It took 170 years, but California finally decided, in 2014, to regulate groundwater extraction. Problem is, the law won’t actually reduce pumping for another 20 years. By granting growers such a long reprieve, the state set in motion a consequence that’s less unintended than expected: more pumping. Farmers developing new acres are trying to establish their legal possession before no more water can be grabbed. The state and the county, which lean libertarian in such matters, have no will to stop the drilling.

Another solution to this tragedy of the commons is population stabilization. More people obviously demand more agricultural products, which in the case of California agriculture devastatingly depletes aquifers. The Midwest Oglala Aquifer is similarly being depleted.

What have we done in the United States to stabilize population? The good news is that in 1971 American women voluntarily reached replacement level fertility (2.1 children per woman).

The bad news is that Congress has decreed unending population growth for America. How? Mass immigration is driving America's population to double within the lifetimes of children born today.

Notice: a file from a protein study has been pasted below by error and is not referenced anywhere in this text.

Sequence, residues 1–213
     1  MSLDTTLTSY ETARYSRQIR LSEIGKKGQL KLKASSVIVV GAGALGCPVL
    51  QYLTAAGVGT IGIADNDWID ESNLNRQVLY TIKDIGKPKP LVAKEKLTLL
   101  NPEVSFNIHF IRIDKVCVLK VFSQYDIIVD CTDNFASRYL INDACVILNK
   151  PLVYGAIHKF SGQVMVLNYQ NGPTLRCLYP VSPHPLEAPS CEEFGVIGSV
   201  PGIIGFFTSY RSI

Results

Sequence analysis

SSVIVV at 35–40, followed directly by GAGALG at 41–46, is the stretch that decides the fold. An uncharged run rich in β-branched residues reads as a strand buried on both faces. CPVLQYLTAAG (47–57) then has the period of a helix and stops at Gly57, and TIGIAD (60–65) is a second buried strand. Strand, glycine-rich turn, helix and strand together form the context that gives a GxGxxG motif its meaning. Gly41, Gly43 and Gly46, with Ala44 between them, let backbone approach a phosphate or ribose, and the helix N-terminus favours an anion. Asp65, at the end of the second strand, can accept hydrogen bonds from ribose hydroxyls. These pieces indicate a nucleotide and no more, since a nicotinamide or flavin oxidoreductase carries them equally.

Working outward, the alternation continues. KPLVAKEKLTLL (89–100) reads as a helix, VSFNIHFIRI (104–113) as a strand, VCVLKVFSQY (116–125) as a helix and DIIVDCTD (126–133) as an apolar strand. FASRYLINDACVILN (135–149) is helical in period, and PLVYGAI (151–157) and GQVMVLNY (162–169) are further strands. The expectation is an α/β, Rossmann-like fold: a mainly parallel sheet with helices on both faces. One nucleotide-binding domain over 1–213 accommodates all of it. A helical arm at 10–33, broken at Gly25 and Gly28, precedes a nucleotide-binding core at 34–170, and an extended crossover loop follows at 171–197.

Even worse, the Biden Regime is blatantly and illegally violating United States immigration law, as well as Article IV, Section 4, of the U.S. Constitution:

The United States shall guarantee to every State in this Union a Republican Form of Government, and shall protect each of them against Invasion; and on Application of the Legislature, or of the Executive (when the Legislature cannot be convened) against domestics Violence.

America can't grow its population indefinitely within the boundaries of a finite country, sustained by ecosystems of finite capacity. No country can. Until we recognize this reality, we will be confronted with ever more numerous tragedies of the commons.